Oh, dear bras.
I miss you so.
I never really appreciated you when I had you.
You were so supportive, silently holding me together (but separated), lifting me up, and you always had my back. And a bunch of other clichés that are appropriate for both friends and bras.
Nursing bras just don’t do it for me.
They’re too small, they’re thick with padding yet saggy at the same time. If they don’t have an underwire they’re too lumpy and dumpy. If they do have an underwire it’s too narrow and pinches. They’re ugly and uncomfortable.They aren’t the right size and the right size must be ordered online, without getting to try them on first!
And why is it, when many women experience fuller breasts when nursing, that you can’t find a nursing bra bigger than a C in stores? What if I was bigger than a C to begin with? I’m not like Dolly, but they’re large.
Like this. Beautiful nursing bra, it actually looks a lot like my old bras. It’s a little pricey (around $60 Euro) but very high quality. Problem: Does not come in my size. Does not even come in my pre-preg size. photo from mamanana.com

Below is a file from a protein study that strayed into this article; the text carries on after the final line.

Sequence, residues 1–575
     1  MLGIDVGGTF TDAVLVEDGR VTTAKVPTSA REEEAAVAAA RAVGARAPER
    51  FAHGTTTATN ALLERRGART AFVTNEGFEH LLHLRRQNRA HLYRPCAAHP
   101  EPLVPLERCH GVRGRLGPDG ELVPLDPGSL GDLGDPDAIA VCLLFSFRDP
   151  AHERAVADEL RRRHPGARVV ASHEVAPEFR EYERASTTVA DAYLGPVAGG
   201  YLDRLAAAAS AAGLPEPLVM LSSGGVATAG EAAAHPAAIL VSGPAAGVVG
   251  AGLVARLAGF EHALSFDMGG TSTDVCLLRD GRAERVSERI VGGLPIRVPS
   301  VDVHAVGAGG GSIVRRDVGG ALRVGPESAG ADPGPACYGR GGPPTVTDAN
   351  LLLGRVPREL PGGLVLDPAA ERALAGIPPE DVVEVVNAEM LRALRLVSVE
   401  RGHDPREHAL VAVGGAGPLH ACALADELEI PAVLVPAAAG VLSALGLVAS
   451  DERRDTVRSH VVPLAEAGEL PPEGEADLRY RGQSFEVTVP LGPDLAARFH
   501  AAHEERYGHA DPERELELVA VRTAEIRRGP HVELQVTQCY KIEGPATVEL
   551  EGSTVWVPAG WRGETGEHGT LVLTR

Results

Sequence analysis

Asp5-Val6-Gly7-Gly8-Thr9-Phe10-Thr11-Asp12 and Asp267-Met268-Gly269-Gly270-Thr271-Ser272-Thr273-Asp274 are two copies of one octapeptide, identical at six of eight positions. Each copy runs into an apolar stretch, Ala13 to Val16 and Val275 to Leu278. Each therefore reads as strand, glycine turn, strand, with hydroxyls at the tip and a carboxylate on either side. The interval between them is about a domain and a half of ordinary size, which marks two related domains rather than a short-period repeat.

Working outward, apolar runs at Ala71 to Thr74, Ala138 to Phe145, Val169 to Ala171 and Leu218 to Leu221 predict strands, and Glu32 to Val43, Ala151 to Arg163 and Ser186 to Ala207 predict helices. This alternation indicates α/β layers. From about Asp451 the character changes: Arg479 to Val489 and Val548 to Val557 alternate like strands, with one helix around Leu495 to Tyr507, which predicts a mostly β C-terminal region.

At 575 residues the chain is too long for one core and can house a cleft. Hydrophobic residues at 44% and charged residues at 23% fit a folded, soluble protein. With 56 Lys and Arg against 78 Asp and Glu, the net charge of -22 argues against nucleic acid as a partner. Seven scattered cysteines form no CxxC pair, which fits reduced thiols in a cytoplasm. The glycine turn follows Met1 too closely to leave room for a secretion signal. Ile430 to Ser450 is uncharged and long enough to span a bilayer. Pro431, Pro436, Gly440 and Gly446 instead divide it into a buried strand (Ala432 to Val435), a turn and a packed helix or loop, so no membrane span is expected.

I don’t even know if I’m in a different size now, although I know I was just after the Pie was born. Like I couldn’t button my shirts kind of different size. Like the nursing flaps flapped in the wind kind of different size. My “favorite” nursing bras is a schlumpy uni-boob shelf bra I got at Target as an emergency bra when I was so engorged that not only could I not close the flap on the bras I had, but it was actually painful to put them on. It’s a nighttime nursing bra. Lame.
I was putting away laundry (miracle!) the other day and I saw you, old bras, hovering in the back corner of the drawer. I took you out, looked at you, touched the stiff lacy fabric and the clasp-less straps.
I put you back, dear old bra.
No use for you now.
I have those OTHER bras now.
And it’s not that I’m trying to be sexy.That’s a whole other post. (Yes, it’s coming. RELAX.) I don’t need a pretty bra. I just want one that fits and is functional and doesn’t look like I should be walking around a trailer park wearing nothing but it and a pair of torn up jeans shorts with a baby on my hip and a beer in my hand.
I may have to put you in a box, old bras. Visiting is too painful. I don’t know if I could handle seeing you again.
I’ll return, someday. I can only hope that you will be there, in the box you’ll surely end up in, collecting dust in the closet, waiting for me.